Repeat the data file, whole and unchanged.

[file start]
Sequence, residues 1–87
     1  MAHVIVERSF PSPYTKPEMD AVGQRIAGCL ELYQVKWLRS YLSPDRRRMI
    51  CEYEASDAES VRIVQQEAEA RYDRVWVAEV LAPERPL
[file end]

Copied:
Sequence, residues 1–87
     1  MAHVIVERSF PSPYTKPEMD AVGQRIAGCL ELYQVKWLRS YLSPDRRRMI
    51  CEYEASDAES VRIVQQEAEA RYDRVWVAEV LAPERPL